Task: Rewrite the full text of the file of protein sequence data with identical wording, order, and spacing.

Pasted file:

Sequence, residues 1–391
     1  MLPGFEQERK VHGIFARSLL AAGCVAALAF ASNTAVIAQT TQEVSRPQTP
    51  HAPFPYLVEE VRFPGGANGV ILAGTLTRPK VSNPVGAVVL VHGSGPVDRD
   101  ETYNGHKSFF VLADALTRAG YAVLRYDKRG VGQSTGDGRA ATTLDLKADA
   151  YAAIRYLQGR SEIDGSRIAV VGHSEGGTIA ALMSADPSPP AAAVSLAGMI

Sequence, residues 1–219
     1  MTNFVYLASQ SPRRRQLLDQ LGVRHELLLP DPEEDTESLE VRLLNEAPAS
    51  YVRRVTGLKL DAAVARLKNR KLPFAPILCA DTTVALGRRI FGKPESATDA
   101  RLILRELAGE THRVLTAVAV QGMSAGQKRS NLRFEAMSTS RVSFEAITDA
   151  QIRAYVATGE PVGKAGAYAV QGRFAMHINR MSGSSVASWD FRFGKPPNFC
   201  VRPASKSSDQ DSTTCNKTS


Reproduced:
Sequence, residues 1–391
     1  MLPGFEQERK VHGIFARSLL AAGCVAALAF ASNTAVIAQT TQEVSRPQTP
    51  HAPFPYLVEE VRFPGGANGV ILAGTLTRPK VSNPVGAVVL VHGSGPVDRD
   101  ETYNGHKSFF VLADALTRAG YAVLRYDKRG VGQSTGDGRA ATTLDLKADA
   151  YAAIRYLQGR SEIDGSRIAV VGHSEGGTIA ALMSADPSPP AAAVSLAGMI

Sequence, residues 1–219
     1  MTNFVYLASQ SPRRRQLLDQ LGVRHELLLP DPEEDTESLE VRLLNEAPAS
    51  YVRRVTGLKL DAAVARLKNR KLPFAPILCA DTTVALGRRI FGKPESATDA
   101  RLILRELAGE THRVLTAVAV QGMSAGQKRS NLRFEAMSTS RVSFEAITDA
   151  QIRAYVATGE PVGKAGAYAV QGRFAMHINR MSGSSVASWD FRFGKPPNFC
   201  VRPASKSSDQ DSTTCNKTS